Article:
A portion of the central zone of the large impact structure Valhalla on Jupiter's moon Callisto was imaged by the Galileo spacecraft on November 4, 1996. The area shown here is centered at 16 degrees north, 55 degrees west and is about seven miles (11 kilometers) across. This is the highest resolution picture ever taken of Callisto and shows features as small as 200 feet (60 meters) across. The formation of Valhalla occurred early in Callisto's history; however, the central zone shown here is probably younger than Valhalla's surrounding structure. This newly acquired picture shows some small craters, although they have been softened or modified by downslope movement of debris, revealing bright ice-rich surfaces. In contrast to other areas on Callisto, most of the very smallest craters appear to have been completely obliterated.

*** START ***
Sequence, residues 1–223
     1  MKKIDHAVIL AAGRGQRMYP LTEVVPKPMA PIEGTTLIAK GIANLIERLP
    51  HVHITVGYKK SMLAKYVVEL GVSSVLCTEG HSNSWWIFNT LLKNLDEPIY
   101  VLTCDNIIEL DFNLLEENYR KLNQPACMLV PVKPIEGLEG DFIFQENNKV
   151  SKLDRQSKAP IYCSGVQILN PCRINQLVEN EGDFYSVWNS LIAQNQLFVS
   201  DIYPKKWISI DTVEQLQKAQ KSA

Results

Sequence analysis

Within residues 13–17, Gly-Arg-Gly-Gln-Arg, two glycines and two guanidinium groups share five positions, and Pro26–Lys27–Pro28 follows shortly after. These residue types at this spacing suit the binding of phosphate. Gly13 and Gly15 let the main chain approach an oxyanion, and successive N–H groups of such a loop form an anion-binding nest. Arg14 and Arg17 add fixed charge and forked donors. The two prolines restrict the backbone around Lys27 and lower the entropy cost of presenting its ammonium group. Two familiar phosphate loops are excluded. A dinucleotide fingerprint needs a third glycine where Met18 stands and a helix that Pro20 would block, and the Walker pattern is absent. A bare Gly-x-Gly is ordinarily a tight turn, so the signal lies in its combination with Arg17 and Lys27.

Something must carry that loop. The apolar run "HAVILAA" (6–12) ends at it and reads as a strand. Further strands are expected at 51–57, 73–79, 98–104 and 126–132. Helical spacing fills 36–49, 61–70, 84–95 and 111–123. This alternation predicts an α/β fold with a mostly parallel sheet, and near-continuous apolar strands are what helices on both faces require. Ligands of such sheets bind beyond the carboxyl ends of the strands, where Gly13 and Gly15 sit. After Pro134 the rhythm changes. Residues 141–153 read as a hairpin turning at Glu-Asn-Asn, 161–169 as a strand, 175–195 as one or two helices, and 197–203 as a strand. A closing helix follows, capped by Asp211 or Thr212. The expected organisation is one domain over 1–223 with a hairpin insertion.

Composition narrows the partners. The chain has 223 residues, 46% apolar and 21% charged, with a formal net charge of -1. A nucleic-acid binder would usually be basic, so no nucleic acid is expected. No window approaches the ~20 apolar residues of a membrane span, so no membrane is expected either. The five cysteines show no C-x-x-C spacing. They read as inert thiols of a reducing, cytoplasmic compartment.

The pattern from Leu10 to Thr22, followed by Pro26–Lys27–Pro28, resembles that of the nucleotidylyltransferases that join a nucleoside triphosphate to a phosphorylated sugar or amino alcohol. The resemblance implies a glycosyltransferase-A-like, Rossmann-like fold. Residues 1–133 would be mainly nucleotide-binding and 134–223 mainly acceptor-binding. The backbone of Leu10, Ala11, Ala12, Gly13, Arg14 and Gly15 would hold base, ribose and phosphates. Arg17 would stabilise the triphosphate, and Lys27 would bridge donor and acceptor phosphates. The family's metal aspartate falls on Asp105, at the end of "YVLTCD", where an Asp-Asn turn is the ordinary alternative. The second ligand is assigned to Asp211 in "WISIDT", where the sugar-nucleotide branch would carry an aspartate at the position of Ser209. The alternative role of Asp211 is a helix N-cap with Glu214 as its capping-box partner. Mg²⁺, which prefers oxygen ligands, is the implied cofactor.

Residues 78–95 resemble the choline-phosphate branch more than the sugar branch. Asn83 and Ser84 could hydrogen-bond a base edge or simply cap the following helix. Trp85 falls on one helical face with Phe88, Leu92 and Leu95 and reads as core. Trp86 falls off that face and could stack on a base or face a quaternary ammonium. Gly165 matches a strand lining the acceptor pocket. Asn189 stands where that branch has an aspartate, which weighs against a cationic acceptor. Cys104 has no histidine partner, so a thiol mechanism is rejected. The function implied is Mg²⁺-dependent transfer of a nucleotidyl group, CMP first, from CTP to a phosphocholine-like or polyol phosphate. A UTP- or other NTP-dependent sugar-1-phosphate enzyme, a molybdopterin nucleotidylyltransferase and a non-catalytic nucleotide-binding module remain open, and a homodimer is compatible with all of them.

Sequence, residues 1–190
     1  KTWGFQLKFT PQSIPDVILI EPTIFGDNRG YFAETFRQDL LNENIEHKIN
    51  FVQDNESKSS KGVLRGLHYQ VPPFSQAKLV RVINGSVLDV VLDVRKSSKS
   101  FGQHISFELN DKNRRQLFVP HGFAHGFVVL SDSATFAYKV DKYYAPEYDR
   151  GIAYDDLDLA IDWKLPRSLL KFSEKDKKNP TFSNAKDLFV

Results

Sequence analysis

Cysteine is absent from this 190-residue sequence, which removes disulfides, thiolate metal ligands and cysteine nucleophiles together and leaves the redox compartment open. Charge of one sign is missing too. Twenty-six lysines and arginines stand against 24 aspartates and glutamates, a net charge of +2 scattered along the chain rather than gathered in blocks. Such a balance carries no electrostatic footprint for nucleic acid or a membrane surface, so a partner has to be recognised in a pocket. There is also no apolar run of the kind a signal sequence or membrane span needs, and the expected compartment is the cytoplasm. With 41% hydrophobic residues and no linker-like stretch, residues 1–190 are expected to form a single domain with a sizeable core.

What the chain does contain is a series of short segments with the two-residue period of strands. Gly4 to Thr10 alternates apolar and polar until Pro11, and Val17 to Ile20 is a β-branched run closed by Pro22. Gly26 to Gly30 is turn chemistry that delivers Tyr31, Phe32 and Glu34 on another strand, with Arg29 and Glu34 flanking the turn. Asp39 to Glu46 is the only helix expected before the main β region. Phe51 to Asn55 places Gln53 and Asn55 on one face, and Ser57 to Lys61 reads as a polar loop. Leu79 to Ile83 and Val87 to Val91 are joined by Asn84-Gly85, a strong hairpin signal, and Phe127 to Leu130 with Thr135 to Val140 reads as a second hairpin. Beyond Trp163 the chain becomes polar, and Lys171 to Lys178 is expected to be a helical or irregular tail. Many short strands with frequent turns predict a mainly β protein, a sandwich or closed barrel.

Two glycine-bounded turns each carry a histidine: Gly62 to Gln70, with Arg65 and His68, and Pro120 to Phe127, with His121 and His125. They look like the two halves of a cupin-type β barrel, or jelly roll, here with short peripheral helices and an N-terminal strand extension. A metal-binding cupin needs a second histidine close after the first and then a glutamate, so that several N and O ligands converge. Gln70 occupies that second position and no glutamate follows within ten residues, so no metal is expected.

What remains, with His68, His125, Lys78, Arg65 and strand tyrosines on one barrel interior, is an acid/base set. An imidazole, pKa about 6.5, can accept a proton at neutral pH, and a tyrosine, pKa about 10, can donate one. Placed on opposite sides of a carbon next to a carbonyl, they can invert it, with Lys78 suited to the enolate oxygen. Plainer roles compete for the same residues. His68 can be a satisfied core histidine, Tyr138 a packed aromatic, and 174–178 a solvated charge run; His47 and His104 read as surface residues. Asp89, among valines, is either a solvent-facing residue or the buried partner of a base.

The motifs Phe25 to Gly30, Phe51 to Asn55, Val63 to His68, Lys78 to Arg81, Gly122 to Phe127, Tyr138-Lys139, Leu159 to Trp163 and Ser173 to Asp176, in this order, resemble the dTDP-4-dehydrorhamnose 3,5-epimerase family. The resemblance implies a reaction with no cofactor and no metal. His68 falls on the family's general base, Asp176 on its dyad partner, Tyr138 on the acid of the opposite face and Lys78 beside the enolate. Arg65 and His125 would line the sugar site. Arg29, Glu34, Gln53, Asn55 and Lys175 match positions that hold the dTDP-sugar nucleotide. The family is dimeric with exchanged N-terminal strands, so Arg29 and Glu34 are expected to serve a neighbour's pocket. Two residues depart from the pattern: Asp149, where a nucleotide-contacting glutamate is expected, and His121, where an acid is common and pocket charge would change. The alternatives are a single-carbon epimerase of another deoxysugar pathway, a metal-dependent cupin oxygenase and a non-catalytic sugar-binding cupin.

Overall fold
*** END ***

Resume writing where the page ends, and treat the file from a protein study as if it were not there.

This image was taken by the solid state imaging television camera onboard the Galileo spacecraft during its third orbit around Jupiter, at a distance of 757 miles (1,219 kilometers).
The Galileo mission is managed by the Jet Propulsion Laboratory for NASA's Office of Space Science, Washington, D.C.
This image and other images and data received from Galileo are posted on the Galileo mission home page on the World Wide Web at http://galileo.jpl.nasa.gov/. Background information and educational context for the images can be found at http://www2.jpl.nasa.gov/galileo/sepo/. Image Credit: NASA/JPL